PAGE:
However, many are posts accusing Catholics of giving too much attention to Mary, neglecting to turn solely to Jesus who is the one mediator between God and man (1 Tim 2:5), failing to really read and follow the Bible as the sole rule of faith (the Protestant doctrine of sola scriptura), and even accusing Catholics of actually worshiping Mary, which is termed “Mariolatry” and is strictly condemned by the Church.
One of the top results on the first page of my Google search took me to a post written by John MacArthur, titled “Exposing the Heresies of the Catholic Church: Mary Worship.” In his post, Mr. MacArthur cites this passage from Revelation:
And when I heard and saw, I fell down to worship at the feet of the angel who showed me these things. But he said to me, “Do not do that. I am a fellow servant of yours and of your brethren the prophets and of those who heed the words of this book. Worship God.” (Revelation 22:8-9)
So far so good. It’s true that men are to give worship (in the sense of adoration) to the Tripersonal God alone. Certainly, we’re not to give worship and adoration to creatures, such as men or angels or saints or false gods. That’s idolatry. It’s a sin against the first commandment.
But then Mr. MacArthur makes a false connection between the passage from Revelation and Catholic belief about Mary. He inappropriately equivocates John’s error of giving worship to an angel with the Church’s practice of giving a place of honor and authority to Mary:
The Roman Catholic Church has committed the same error as John, promoting a mere citizen of heaven to an improper place of authority and honor. Despite the overwhelming testimony of Scripture, the Catholic Church has elevated Mary—a self-described servant of the Lord (Luke 1:38)—to the same level as God, if not higher.
Because the Church honors Mary and recognizes a particular level of authority in her (as the mother of Christ), the Church is raising her “to the same level as God, if not higher”? Wow. That’s a leap.
Immediately we should notice the error of exaggeration in Mr. MacArthur’s reasoning. He’s committing an error in logic called “false equivalency.” Elevating a person to a place of honor and authority or showing respect and giving veneration to a person is NOT the same thing as giving the person the worship (in the sense of adoration) due to God alone. The fact is, the Church has not committed the same error as John—not at all.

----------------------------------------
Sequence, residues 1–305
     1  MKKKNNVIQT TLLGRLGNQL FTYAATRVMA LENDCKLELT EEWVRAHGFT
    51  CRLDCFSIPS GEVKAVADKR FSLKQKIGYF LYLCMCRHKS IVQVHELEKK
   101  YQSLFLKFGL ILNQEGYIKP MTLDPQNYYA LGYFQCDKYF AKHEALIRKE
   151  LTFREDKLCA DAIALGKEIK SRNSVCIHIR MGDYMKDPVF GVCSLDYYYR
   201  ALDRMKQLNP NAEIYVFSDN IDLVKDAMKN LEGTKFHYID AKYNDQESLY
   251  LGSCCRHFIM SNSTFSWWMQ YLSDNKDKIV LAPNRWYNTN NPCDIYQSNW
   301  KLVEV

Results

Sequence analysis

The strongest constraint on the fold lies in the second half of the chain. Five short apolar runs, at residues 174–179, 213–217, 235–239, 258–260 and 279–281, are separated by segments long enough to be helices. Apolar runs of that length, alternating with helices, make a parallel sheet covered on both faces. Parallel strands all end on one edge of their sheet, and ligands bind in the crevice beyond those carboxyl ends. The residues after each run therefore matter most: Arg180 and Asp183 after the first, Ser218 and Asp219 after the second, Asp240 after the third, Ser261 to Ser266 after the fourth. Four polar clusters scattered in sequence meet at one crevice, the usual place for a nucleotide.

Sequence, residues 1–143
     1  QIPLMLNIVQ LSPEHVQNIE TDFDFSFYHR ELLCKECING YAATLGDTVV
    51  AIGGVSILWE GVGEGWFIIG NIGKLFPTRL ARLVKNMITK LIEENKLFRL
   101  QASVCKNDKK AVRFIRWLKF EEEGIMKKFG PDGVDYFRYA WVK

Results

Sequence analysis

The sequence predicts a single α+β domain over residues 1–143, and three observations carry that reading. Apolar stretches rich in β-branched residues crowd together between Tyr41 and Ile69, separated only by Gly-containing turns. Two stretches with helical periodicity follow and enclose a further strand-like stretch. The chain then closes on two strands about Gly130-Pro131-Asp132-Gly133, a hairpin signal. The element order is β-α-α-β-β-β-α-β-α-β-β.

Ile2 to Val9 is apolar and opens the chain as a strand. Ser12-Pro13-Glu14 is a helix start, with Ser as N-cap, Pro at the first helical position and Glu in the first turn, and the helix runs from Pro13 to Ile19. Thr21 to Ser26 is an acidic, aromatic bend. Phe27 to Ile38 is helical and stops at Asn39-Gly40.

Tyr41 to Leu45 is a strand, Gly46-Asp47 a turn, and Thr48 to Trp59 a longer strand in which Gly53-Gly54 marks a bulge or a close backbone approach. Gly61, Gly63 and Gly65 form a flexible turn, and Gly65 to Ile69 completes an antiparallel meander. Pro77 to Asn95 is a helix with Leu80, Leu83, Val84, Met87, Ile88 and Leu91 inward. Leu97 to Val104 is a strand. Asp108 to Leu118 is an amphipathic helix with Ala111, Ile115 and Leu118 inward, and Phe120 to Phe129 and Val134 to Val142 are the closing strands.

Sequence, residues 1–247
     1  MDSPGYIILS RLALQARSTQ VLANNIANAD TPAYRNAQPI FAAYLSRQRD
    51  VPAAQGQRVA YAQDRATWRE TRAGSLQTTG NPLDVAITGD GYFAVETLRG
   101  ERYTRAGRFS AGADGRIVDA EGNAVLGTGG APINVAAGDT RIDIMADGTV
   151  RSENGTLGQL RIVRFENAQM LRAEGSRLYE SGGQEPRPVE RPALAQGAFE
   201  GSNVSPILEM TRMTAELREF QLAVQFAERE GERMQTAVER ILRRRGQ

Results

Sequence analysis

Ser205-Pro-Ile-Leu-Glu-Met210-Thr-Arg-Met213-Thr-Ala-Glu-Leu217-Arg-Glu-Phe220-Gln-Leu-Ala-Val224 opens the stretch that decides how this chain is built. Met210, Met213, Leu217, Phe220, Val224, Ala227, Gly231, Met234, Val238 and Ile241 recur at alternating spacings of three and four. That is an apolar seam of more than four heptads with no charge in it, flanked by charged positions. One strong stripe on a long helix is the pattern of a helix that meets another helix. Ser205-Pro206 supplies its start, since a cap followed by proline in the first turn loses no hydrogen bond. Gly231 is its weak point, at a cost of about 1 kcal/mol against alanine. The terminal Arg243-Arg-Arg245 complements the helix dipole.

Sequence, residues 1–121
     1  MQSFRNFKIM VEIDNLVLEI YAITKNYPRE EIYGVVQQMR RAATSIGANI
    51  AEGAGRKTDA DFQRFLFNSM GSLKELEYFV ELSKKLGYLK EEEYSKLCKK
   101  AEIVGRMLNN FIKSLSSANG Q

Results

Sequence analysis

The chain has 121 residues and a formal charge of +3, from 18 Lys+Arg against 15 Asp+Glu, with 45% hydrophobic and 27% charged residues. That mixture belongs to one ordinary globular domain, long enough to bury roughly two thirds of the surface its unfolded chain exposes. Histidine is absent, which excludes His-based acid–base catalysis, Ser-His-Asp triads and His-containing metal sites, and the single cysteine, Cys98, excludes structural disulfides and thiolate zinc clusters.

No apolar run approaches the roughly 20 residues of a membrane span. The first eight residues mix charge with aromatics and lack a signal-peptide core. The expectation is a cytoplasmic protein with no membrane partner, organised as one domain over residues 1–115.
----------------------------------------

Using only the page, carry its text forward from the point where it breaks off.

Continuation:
Catholics do not worship and adore Mary in place of God or alongside God as if she is divine.
If we buy into Mr. MacArthur’s false logic, then every American is guilty of elevating people to the same level as God. That means we’re all idolaters. Why? Here’s why:
We regularly elevate people in status, give them positions of authority and show them their due honor and respect. It’s integral to human nature to do so. I certainly honor and respect my biological mother in a special way, over and above other people. The president of the U.S. is given a place of honor and shown an appropriate level of respect by the citizens of our nation. Judges who sit on court benches are addressed as “Your Honor.” We address superiors as “Sir.” We attach titles—for good reason—to those members of our society who have attained them. We refer to people with a P.h.D. as “doctor.” Catholics address me as “deacon.” I address the pastor of my parish as “Father.” We call senators “senator.” It is really quite silly to suggest that elevating a person to a level of high status and/or authority and giving him his just due of respect is somehow equivalent to worshipping him as if he were God.
Citing Pope Pius IX’s Ineffabilis Deus, which speaks highly of the Virgin Mary and emphasizes her intercessory role before the faithful, as well as her participatory role in Christ’s mission of redemption and salvation (after all, Mary did give birth to the Savior, as one example of her unique participatory role in salvation), Mr. MacArthur again writes in a highly exaggerated manner: